Players join NCPA protest with 'APU' displays

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At least two Georgia Tech football players wrote messages on their uniforms Saturday in support of the National College Players Association, an organization that seeks NCAA reform in areas such as player safety and compensation.

Georgia Tech defensive back Demond Smith was among several players who had "APU" written on their wrist tape during Saturday's game against North Carolina.  MIKE STEWART/ASSOCIATED PRESS
MIKE STEWART/ASSOCIATED PRESS
Georgia Tech defensive back Demond Smith was among several players who had "APU" written on their wrist tape during Saturday's game against North Carolina.

Tech sophomore quarterback Vad Lee and linebacker Jeremiah Attaochu each had “APU” written on their gear. The acronym stands for “All Players United,” the NCPA’s campaign to fight what it considers the NCAA’s unjust rules for athletes.

After Tech’s 28-20 victory over North Carolina, Lee and Attaochu said teammate Isaiah Johnson asked them to wear the slogans. Both players said Johnson, a senior safety, is affiliated with the NCPA.

“We are just supporting our teammate,” Lee said.

Johnson, who hasn’t played this season while recovering from knee surgery, wasn’t available for comment. Attaochu said he wasn’t familiar with the NCPA’s goals. But he said that, for example, his parents have been able to attend one Tech home game in his three-plus seasons because of financial constraints.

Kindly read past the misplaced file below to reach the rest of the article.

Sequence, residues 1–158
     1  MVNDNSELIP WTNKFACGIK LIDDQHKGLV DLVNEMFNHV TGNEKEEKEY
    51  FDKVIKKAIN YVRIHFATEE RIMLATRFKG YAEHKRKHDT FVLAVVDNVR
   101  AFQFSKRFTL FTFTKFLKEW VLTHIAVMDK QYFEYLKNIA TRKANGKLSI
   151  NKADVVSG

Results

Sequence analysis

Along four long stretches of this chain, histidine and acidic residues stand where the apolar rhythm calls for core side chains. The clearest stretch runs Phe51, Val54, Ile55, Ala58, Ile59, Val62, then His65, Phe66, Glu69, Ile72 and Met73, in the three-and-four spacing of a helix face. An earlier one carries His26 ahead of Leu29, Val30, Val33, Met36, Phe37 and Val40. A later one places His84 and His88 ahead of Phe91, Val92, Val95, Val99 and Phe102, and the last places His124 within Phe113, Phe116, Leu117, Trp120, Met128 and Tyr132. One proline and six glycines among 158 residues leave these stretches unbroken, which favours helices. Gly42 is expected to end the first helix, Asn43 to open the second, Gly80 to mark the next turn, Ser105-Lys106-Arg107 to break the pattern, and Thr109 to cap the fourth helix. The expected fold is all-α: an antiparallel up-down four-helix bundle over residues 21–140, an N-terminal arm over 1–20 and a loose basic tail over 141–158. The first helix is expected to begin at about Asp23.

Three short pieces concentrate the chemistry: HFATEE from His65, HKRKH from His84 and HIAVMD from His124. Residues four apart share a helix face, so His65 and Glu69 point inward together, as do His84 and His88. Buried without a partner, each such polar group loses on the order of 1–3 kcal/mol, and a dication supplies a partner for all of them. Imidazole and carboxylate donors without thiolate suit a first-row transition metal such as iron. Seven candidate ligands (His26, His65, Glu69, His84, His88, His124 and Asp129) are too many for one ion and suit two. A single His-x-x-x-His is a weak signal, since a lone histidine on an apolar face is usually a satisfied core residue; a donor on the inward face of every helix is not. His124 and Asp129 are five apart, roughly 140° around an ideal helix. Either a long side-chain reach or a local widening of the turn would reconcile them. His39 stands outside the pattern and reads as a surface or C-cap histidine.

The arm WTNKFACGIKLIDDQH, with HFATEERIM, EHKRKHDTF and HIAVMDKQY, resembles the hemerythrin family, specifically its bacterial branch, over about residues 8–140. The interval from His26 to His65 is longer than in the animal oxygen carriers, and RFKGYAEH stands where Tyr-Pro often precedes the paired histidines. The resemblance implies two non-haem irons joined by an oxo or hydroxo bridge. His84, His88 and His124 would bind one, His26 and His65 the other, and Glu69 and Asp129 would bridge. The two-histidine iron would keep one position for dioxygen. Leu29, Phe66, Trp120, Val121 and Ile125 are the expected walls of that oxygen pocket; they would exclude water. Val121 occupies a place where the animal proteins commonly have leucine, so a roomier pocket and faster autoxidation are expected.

“I’m not saying I want anything (extravagant),” he said. “Trust me, I’m blessed. But I know there are guys out there, like, I have to come out of my pocket to fly back home (to Washington, D.C.). I don’t get to go home that often, and when I do it breaks the bank. Little things like that.”

Ramogi Huma, the NCPA president, told ESPN.com that players on at least four BCS teams with nationally televised games Saturday expressed interest in joining the protest. ESPN.com reported that at least five Georgia football players wrote the APU slogan on their gear during the Bulldogs’ game against North Texas at Sanford Stadium.

Among the APU campaign’s goals, according to the NCPA website, is supporting players who joined lawsuits against the NCAA regarding concussions and compensation for use of players’ images and likenesses. The NCPA seeks to direct a portion of television revenue to “guarantee basic protections” for athletes.

Coach Paul Johnson scoffed when asked if he was aware of his players joining the protest.

“No, I wasn’t aware of it,” he said. “I can assure you that now that I am aware of it, we will talk to (players) about it.”

According to U.S. Department of Education data, Tech’s football program generated about $32 million in revenue in 2012 against $17.5 million in expenses. Johnson signed a seven-year, $17.7 million contract in 2009.

In March, the NCPA and the sports-management department at Drexel University released the findings of a joint study that concluded basketball and football player at major programs generate revenue that far exceeds the value of their scholarships. The study alleges that the NCAA “uses amateurism as a tool to deny revenue athletes billions of dollars per year that they would otherwise receive in a fair market.”


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